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Get With The Legalization Program

In Iao v. Gonzales, No. 04-1700 (7th Cir. Mar. 9, 2005), the court cites "six disturbing features of the handling of this case that bulk large in the immigration cases that we are seeing":

  1. A lack of familiarity with relevant foreign cultures
  2. An exaggerated notion of how much religious people know about their religion
  3. An exaggerated notion of the availability, especially in poor nations, of documentary evidence of religious membership
  4. Insensitivity to the possibility of misunderstandings caused by the use of translators of difficult languages and relatedly, insensitivity to the difficulty of basing a determination of credibility on the demeanor of a person from a culture remote from the American
  5. Reluctance to make clean determinations of credibility
  6. Affirmances by the Board of Immigration Appeals either with no opinion or with a very short, unhelpful, boilerplate opinion
The court also noted,
"We do not offer these points in a spirit of criticism. The cases that we see are not a random sample of all asylum cases, and the problems that the cases raise may not be representative. Even if they are representative, given caseload pressures and, what is the other side of that coin, resource constraints, it is possible that nothing better can realistically be expected than what we are seeing in this and like cases."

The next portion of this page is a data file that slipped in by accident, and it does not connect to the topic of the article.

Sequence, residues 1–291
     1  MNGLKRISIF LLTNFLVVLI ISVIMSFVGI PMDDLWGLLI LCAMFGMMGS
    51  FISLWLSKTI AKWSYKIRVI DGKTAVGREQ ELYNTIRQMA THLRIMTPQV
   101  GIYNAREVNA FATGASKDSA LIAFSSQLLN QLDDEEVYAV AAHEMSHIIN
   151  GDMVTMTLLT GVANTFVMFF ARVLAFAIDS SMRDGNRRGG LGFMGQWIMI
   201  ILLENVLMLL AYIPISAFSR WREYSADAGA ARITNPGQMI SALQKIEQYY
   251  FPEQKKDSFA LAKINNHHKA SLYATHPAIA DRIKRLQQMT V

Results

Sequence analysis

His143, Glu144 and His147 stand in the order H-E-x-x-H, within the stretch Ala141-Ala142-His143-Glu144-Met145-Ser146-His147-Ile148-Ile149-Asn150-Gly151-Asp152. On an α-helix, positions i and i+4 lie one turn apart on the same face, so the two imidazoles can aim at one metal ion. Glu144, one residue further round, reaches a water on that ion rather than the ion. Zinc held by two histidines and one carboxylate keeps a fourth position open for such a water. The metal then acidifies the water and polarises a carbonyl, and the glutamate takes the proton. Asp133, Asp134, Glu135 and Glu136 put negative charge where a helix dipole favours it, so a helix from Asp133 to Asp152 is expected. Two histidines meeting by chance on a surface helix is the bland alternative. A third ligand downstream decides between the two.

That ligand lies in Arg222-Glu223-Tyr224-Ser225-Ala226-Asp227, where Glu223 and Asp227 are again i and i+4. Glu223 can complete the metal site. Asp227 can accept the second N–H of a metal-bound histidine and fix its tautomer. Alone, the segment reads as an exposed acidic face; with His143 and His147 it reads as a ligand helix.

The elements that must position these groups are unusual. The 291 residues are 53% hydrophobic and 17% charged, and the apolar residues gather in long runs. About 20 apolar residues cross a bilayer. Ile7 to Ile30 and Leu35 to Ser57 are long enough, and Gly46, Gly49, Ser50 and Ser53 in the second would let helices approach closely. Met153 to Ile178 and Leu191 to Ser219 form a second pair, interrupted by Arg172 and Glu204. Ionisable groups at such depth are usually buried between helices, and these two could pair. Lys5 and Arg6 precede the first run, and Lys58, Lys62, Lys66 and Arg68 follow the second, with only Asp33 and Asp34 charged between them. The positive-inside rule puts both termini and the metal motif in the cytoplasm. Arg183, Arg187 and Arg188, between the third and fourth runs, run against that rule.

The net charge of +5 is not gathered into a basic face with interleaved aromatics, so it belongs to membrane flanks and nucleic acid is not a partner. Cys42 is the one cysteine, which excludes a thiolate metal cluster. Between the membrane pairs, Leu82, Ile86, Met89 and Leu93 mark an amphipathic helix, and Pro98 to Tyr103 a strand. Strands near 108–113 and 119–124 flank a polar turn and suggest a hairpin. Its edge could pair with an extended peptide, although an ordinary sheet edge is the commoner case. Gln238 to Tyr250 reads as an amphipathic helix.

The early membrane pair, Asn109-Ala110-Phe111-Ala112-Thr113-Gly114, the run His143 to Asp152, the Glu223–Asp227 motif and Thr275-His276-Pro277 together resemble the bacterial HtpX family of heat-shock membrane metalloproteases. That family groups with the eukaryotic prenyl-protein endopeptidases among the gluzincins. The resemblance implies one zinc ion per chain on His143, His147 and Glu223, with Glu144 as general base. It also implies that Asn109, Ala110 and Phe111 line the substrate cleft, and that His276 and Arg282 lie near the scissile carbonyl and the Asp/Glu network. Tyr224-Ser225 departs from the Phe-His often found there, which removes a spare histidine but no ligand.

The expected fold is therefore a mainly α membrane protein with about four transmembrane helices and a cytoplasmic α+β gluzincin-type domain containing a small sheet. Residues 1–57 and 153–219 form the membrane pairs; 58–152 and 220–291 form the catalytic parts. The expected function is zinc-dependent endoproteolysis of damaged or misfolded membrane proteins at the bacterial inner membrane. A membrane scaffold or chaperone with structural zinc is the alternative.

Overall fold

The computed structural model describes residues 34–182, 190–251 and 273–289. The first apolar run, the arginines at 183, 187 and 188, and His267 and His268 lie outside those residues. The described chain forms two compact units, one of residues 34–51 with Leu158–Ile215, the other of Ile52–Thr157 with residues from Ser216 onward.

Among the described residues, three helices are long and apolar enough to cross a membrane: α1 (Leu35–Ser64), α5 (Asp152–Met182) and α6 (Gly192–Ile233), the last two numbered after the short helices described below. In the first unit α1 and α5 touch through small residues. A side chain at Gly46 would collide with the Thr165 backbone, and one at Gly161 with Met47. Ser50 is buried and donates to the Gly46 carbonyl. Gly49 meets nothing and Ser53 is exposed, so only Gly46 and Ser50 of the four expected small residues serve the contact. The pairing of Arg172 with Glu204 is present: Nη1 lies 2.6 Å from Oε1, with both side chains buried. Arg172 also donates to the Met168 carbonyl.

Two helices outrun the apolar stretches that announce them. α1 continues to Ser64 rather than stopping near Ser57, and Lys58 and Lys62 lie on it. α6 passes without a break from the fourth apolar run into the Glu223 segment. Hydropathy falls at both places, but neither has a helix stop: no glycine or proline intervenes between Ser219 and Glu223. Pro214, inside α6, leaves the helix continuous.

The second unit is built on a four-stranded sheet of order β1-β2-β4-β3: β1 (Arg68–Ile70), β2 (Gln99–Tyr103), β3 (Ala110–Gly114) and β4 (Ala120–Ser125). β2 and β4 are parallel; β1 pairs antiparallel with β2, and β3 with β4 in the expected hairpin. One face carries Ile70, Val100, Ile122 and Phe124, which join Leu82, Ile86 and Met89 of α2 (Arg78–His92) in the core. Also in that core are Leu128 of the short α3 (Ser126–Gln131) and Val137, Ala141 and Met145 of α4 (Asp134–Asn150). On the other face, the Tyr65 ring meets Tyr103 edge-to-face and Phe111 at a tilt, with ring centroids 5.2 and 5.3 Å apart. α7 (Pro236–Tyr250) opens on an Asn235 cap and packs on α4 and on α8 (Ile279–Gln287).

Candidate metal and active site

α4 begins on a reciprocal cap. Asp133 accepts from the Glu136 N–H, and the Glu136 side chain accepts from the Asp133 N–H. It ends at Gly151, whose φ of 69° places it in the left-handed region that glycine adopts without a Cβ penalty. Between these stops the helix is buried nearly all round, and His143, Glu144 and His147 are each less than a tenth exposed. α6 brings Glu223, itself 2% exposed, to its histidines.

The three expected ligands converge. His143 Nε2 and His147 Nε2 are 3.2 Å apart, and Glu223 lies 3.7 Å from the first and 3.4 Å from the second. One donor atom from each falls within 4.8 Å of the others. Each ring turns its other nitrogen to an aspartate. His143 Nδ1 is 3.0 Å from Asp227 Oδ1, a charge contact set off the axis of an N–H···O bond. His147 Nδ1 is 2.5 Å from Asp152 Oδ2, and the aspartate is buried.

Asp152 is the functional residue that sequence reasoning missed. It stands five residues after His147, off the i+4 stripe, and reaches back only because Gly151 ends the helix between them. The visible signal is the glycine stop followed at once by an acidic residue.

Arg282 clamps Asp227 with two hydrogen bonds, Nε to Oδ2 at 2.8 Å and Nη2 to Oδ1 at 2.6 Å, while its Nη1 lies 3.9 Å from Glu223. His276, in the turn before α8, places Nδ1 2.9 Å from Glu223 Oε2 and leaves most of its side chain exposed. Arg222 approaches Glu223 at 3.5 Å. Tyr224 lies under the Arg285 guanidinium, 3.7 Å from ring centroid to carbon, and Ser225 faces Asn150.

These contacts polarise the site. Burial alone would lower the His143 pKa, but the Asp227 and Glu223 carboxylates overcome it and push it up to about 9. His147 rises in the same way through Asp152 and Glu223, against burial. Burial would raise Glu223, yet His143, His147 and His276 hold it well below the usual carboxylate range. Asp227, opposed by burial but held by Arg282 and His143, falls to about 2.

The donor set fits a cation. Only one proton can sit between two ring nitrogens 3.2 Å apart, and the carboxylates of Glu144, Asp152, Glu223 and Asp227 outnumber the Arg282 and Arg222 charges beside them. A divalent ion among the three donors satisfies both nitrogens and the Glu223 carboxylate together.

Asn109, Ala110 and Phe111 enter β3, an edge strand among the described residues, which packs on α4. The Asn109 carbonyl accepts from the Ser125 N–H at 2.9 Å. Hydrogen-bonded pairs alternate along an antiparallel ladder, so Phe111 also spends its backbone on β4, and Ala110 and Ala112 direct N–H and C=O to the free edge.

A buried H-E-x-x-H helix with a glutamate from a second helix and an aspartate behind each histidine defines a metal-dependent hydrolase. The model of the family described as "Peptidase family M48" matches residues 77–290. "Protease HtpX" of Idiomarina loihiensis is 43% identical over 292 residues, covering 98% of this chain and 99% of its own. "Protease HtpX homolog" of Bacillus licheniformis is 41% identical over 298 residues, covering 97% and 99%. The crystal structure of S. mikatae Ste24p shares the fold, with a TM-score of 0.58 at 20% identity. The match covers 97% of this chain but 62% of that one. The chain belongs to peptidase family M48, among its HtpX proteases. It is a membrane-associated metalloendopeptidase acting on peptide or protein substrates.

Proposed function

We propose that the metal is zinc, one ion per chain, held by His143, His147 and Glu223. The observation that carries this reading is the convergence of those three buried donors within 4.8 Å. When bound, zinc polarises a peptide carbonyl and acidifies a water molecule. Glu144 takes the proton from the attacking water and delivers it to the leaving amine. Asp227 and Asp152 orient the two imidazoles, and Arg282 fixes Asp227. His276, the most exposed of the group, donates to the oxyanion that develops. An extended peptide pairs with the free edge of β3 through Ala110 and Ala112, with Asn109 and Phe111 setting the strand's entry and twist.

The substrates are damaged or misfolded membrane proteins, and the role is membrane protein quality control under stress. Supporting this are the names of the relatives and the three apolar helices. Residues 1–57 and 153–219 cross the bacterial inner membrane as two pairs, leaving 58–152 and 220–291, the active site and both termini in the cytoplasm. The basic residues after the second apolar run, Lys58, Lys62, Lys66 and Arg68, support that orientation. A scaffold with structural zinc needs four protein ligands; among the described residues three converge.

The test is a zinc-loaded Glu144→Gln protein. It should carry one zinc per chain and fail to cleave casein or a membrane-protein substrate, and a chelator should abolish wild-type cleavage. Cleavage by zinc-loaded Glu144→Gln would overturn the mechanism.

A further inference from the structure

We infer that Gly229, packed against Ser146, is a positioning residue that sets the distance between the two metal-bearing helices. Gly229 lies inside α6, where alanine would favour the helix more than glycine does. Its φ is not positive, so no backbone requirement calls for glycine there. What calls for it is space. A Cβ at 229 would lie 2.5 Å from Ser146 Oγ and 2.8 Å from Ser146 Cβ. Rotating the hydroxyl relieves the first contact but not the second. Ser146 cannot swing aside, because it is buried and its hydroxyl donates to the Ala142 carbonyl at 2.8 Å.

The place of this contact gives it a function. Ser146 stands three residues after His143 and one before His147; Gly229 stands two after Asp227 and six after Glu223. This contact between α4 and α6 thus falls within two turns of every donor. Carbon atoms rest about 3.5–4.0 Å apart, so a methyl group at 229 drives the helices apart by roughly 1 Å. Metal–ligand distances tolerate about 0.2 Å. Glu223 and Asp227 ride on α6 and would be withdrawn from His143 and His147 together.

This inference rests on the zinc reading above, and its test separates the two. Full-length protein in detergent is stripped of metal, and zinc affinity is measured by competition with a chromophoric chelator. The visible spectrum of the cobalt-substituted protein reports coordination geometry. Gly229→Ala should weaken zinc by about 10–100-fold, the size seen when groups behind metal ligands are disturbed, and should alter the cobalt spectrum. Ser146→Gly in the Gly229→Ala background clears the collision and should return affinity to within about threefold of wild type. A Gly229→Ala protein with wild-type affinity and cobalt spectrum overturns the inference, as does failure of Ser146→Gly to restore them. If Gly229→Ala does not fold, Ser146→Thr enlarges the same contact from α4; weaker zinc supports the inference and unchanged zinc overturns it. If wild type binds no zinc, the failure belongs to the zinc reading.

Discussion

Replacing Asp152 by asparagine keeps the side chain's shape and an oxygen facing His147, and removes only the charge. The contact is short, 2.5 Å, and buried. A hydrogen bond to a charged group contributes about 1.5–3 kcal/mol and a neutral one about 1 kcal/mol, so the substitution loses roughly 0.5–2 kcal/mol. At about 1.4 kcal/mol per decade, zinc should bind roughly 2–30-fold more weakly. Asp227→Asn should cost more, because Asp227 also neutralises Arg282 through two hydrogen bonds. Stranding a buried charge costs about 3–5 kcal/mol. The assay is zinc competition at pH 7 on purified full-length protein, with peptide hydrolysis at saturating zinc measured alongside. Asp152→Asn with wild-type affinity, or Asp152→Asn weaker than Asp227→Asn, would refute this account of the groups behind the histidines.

This case illustrates the trend of cases adjudicated by an Immigration Judge that do not provide a detailed record and/or are not properly reasoned which are passed on to the circuit courts with nothing more than a rubberstamp from the BIA (this is the AWO procedure). Had the BIA reviewed this case, at least the obvious errors would have been caught. When the circuit courts do the job of the BIA, is that a proper allocation of national resources? We do not think so. How then did we end up with AWO? Our judicial system is being misused by some misguided folks to speed up the deportation process, the administration of justice be damned. The immigration case backlog truly belongs not before the BIA or before the circuit courts, instead it belongs in the queue for permanent residency. We urge those using the ostrich strategy of sticking their heads in the sand while the storm of global labor mobility swirls all around them to wake up and smell the coffee and get with a legalization program.

We welcome readers to share their opinion and ideas with us by writing to